Photos Shows Moment Humpback Whale Breaches Near Fishing Boat

May 13, 2019 Updated: May 13, 2019

A video shows the moment a humpback whale—one of the largest species of whale—leaping from the ocean near a fishing boat.

The whale sighting was captured in Monterey Bay, California, by Douglas Croft, 60, and whale watcher Kate Cummings.

“It was quite exciting! Salmon season coincides with the time when humpbacks are returning to Monterey Bay to feed for the summer and there were hundreds of boats on the bay fishing,” the Daily Mail quoted Croft as saying on May 13.

He added: “This whale had breached a couple of times before this and many times they’ll just keep doing it. I went below deck to shoot from a porthole close to the water line. That’s what gives this amazing perspective of looking up at the whale.”

Since the whale breached behind the boat, it shows how large the animal is, he said.

“Since the boat is closer, it should look bigger, but the whale is huge! If I’d been the fisherman, I’d probably need some new underwear,” Croft said.

Humpback whales can weigh up to 30 tons and can reach 50 feet in length.

A Humpback whale swims at the surface of the Pacific Ocean at the Uramba Bahia Malaga natural park in Colombia, on Sept. 20, 2015. (Miguel Medina/AFP/Getty Images)

“It was fun capturing this video. The whale had already breached multiple times much further away from the fisherman,” Croft told the Mail.

“But sometimes when whales breach multiple times, they’re also heading a specific direction when they’re underwater building momentum for the next breach.”

“I figured the next breach would be around the fisherman because the whale was heading that way and sure enough! Though I didn’t expect the whale and the boat to line up so perfectly.”

A humpback whale leaps out of the water in the channel off the town of Lahaina on the island of Maui in Hawaii on Jan. 23, 2005. The federal government is proposing removing most of the world's humpback whale population from the endangered species list. National Oceanic and Atmospheric Administration Fisheries announced on Monday, April 20, 2015, that they want to reclassify humpbacks into 14 distinct populations, and remove 10 of those from the list. (AP Photo/Reed Saxon)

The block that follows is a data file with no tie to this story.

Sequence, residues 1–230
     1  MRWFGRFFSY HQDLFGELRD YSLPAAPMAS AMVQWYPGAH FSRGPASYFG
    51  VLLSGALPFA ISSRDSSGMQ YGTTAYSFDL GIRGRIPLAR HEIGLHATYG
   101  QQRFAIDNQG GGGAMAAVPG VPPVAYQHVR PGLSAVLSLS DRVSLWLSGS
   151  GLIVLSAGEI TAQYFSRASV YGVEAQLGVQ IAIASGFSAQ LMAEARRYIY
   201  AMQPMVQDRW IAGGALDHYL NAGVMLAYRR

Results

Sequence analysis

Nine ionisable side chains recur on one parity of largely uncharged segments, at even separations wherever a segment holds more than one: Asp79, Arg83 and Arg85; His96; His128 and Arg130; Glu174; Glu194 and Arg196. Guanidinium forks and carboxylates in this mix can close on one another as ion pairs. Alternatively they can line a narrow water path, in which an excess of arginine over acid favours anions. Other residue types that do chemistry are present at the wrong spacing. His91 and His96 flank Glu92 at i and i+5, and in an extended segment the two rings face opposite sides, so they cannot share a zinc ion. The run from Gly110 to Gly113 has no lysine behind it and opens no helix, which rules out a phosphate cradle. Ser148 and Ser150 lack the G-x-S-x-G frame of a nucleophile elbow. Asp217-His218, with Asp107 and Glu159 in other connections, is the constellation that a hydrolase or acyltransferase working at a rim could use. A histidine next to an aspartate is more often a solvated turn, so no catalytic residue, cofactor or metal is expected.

A humpback whale leaps out of the water in the channel off of the town of Lahaina on the island of Maui in Hawaii on Jan. 23, 2005. (Reed Saxon/AP Photo)

Humpback Found in Amazon Forest

Several weeks ago, a dead humpback whale was discovered in a mangrove forest in Brazil with no obvious signs as to how it got there.

Officials think it died several days before it was discovered.

Renata Emin, the institute’s project leader, said, “We’re still not sure how it landed here, but we’re guessing that the creature was floating close to the shore and the tide, which has been pretty considerable over the past few days, picked it up and threw it inland, into the mangrove,” according to The Independent.

“Along with this astonishing feat, we are baffled as to what a humpback whale is doing on the north coast of Brazil during February because this is a very unusual occurrence.”

Oceanographer Maura Sousa said the whale was found near the mouth of the Amazon River.

“During this season, the tide normally rises twice a day to almost 4 meters (13 feet) and floods the mangrove forest, bringing lots of trash, including trash from ships from a lot of places in the world,” Sousa told CNN. “This explains why an inflated carcass, due to the gases of the decomposition, was dragged into the mangrove forest,” she said.